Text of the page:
The proportions of modern electronic devices are tied to the size and shape of the batteries that power them. But can this limitation be removed by creating freeform batteries? A joint team of scientists from Duke University and the University of Texas has proven this concept to be realistic.
As a basis, scientists took a substance that is actively used in plastic surgery to form the desired outlines of body parts - polylactic acid. Its modification in the form of a solution with crystals is quite suitable for use as a working substance in a 3D printer. But the trouble is, it is not an ionic conductor, so the scientists decided to experiment with impurities from ethyl methyl carbonate, propylene carbonate and lithium perchlorate in order to achieve the required electrical conductivity.
Next, the researchers used the scarce but convenient graphene to create an anode and carbon tubes to create a cathode. When assembled, the entire structure turned into a miniature battery, the resource of which was enough to activate the LED for 60 seconds. The main thing is that three-dimensional printing allows you to create such batteries in the form of flexible tapes, threads, strips, integrated into fabric or plastic, to give them almost any shape.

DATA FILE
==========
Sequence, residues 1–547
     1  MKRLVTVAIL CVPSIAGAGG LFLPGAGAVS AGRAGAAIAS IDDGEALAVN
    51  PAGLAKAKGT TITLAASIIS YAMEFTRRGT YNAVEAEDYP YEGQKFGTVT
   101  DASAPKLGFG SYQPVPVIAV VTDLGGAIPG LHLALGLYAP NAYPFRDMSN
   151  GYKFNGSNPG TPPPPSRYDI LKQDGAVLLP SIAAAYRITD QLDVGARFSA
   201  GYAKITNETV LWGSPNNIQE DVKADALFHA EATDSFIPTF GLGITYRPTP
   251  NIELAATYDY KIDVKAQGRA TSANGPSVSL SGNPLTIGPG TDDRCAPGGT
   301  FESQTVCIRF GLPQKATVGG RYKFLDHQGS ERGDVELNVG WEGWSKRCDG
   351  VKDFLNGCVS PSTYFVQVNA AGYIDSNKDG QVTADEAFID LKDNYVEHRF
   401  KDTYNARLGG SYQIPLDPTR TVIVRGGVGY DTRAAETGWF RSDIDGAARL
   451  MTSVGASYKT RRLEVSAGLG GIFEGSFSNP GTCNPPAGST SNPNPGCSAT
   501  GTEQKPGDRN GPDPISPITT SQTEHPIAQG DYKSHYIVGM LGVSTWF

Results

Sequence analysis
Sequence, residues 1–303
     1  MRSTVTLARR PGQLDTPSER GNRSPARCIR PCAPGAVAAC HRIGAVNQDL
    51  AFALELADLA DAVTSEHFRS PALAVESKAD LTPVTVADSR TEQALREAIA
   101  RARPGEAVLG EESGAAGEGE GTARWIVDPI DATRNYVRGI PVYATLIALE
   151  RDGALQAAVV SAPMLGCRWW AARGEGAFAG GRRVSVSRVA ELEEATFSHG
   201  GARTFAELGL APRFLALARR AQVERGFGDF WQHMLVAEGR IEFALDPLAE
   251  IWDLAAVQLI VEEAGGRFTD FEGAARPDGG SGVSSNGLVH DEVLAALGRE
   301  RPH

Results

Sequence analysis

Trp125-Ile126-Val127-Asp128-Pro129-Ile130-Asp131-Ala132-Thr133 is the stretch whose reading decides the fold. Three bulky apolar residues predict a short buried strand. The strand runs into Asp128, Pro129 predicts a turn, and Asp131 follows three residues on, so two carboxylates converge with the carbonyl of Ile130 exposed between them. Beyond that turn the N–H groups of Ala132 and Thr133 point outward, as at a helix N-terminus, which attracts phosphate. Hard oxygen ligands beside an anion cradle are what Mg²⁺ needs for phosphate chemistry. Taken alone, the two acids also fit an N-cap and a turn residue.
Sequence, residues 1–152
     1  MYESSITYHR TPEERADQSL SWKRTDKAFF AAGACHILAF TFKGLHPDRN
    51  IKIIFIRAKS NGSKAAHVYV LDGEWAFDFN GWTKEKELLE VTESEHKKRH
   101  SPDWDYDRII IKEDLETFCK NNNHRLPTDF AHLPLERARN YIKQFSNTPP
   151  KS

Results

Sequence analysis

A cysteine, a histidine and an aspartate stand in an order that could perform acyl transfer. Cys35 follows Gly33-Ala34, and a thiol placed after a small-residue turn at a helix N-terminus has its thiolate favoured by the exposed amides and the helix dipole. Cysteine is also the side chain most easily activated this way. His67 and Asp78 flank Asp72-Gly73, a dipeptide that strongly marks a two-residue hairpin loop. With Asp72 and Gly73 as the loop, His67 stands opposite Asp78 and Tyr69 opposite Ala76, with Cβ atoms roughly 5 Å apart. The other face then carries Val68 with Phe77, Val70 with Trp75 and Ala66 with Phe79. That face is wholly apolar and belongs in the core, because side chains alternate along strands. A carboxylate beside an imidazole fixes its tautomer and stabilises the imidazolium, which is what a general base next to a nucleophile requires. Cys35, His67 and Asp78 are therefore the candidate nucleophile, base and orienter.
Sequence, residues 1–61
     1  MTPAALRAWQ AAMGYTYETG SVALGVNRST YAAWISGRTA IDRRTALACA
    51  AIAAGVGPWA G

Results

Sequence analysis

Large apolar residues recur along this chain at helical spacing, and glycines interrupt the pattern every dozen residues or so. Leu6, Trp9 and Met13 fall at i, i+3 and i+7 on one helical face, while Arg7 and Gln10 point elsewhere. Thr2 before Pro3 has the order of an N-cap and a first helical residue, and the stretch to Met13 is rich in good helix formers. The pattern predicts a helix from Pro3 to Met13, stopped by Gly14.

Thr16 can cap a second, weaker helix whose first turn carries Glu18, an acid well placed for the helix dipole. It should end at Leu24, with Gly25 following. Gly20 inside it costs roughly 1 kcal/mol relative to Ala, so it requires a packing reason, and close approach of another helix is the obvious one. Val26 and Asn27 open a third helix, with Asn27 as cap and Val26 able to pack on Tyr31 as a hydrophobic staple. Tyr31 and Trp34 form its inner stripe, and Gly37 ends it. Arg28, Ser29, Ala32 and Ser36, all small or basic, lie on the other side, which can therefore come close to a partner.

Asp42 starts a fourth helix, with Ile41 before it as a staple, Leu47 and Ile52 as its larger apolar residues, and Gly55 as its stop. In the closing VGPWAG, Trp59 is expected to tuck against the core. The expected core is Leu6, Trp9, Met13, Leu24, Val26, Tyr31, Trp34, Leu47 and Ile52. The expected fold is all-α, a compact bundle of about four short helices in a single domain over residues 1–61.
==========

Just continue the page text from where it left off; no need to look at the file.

In fact, the choice of polylactic acid is rather a creative impulse of the authors of the study. They do not exclude that other materials for 3D printing are better suited for this task, and they do not leave hope to develop the most effective composition. The main thing is that the idea has received confirmation - and now imagine a work overalls or raincoat, which is laced with battery threads and stores energy to power dozens of gadgets at the same time.